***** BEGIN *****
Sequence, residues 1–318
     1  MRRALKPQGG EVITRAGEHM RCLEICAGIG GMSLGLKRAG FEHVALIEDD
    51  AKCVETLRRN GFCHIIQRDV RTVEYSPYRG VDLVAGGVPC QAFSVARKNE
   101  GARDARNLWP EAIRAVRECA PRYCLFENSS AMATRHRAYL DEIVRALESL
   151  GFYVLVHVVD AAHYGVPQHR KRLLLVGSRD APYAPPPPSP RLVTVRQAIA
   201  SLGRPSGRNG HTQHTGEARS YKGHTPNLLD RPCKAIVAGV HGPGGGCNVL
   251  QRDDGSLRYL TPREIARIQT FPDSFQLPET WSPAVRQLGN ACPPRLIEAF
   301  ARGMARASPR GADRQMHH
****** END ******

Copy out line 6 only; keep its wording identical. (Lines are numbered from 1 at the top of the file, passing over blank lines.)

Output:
   201  SLGRPSGRNG HTQHTGEARS YKGHTPNLLD RPCKAIVAGV HGPGGGCNVL